My point in all of this is to encourage anyone out there who is unsure of foreign things (defined as, things outside of the American norm) to just give it a fair chance. It does not make you less of an American for wanting to travel and experience other people and cultures--in fact, every time I've been out of the country, I'm very proud and excited to tell people that I'm an American. What it does do, is greatly increase the potential for you to meet amazing new people and broadens your personal view of the world you live in.
While I don't agree with many customs and norms of different cultures, it does not deter me from listening to different opinions and learning more about who I am and what I believe through the experiences of others.
Why French? Because it's a beautiful language, and will allow me to better relate to hundreds of thousands of new people of whom I may never have had the opportunity to speak to. It will open the door for new friends, new job opportunities and new ideas. That's why. ------------------------------To read more of Kaylynn's story, click here.
Oooook, so there have been some recent developments in my education status that have put a good bit of pressure on my SpireSpire goal. Y'all remember when I said I was making a side-goal of CLEP-ing out of French 1 and possibly 2? Yeah, that's now almost mandatory.
My big news I've been raving about is now big and disappointing news. I didn't get into the French program at UCF like I was expecting, apparently due to the sheer volume of transfer students flooding into that school. So, I'm stuck at the school I've been attending, but should be ready to re-apply for next Fall. However, now that I'm not attending UCF, I *have* to CLEP out of at least French 1 or I'll have to pay for almost all of my additional French classes out of pocket. Possible, but not much fun. So, I'll be taking the CLEP sometime in August, it seems, so I need to seriously get my butt in gear. Additionally, I'm taking 3 accelerated courses this summer, so there will be almost no room to breathe. The ride's about to get a little bumpier, so we'll see if I get bucked or not... ----------------------------------To hear more from Kaylynn, click here.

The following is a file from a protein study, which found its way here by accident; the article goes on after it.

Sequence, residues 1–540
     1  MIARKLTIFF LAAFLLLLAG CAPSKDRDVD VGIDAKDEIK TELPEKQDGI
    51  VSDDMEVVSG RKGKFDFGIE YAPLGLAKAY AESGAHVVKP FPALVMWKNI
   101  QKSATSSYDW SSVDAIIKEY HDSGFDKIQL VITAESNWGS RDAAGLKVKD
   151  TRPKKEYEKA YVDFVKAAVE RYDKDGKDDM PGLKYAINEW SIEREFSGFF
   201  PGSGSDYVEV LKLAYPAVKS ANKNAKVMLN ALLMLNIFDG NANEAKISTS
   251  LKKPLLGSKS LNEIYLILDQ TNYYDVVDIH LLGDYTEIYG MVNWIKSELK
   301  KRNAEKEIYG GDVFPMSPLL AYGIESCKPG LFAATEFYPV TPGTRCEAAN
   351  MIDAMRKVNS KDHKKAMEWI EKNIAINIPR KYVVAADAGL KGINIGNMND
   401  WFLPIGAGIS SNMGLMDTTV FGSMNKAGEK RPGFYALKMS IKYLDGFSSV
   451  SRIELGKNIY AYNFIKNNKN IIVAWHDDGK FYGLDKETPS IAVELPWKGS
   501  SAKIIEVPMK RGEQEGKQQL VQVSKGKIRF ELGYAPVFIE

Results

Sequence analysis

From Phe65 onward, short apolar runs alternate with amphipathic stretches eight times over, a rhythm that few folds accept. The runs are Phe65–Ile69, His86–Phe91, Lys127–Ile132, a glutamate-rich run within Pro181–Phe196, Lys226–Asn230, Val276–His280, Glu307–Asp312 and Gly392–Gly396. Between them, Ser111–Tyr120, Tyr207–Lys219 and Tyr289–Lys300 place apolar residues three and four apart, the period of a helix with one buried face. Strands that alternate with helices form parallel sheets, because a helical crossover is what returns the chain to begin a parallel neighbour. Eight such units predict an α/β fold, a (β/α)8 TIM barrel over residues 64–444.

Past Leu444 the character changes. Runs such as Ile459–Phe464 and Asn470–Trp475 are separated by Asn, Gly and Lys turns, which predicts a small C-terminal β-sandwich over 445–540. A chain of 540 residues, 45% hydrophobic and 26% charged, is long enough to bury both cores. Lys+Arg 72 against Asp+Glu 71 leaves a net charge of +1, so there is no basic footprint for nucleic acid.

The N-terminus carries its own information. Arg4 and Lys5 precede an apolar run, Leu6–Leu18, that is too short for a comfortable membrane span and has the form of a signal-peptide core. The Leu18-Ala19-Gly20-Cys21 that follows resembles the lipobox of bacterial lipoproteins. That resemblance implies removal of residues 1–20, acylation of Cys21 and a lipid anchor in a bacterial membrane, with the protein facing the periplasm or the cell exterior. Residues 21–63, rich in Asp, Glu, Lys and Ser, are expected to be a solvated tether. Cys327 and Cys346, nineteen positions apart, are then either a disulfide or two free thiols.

I've been waiting for a particular letter to come in the mail for about a week now, and IT'S STILL NOT HERE. I'm trying to be as patient as I can, but I don't happen to be a very patient person. I'm hoping that by next week I'll be able to reveal the "big news" that I'm so excited about. There are several pretty major changes going on in my life, and they are all related to my French studies in one way or another.
One significant change is that I'm going to be leaving my current job in June. For those of you that don't know, I'm a dog trainer. While I absolutely adore my job, I feel really burnt out (I work for a large, corporate pet store which shall remain nameless) with the "legalities" of the curriculum I'm supposed to teach, and I'm constantly disappointed by people who bring their puppies to me for obedience training and very clearly don't care one iota about that dog's health and well-being. Just this past week, I had a dog come to my class with a fresh, deep puncture wound in his face. I was told that the dog chewed it's crate and squeezed out of the opening it had created. Uh...squeezing through small spaces does not create puncture wounds. Lacerations, cuts or scrapes, yes, but not holes the approximate size and shape of a tooth. I also had a dog come in that smelled so strongly of urine that I almost couldn't breathe, but the owners are not willing to take my advice on how to potty train the puppy--they are convinced my method will not work because "the dog is just stupid." I feel defeated. And very much saddened by people's actions towards such animals that would be so willing to be a constant companion. I think it's time for me to move on, and find something that I still enjoy, but that will not encourage this massive frustration I have with the general public. Therefore, I'm acquiring a new job: Zumba.
For those of you unfamiliar with Zumba, it is a fitness/dance/workout class that has people all over the world grooving their way to better health. I have attended Zumba classes for several years and absolutely adore it. Therefore, on May 12th, I go to my training class to become a professional Zumba instructor. What does this have to do with French? My long term goal in life (and I mean *really* long term) is to one day own a house in France. Preferably in Colmar, which I think may be the cutest little town in the whole country. If I'm successful in my Zumba-ing, this is a job that I can take world-wide, and has been consistently in demand for quite some time. I'm very excited about it and I think it could really open up several international doors for me. I'm so looking forward to getting things started with it! Anywho, that's the news for now. Until next week, au revoir! ----------------------To read more of Kaylynn's story, click here.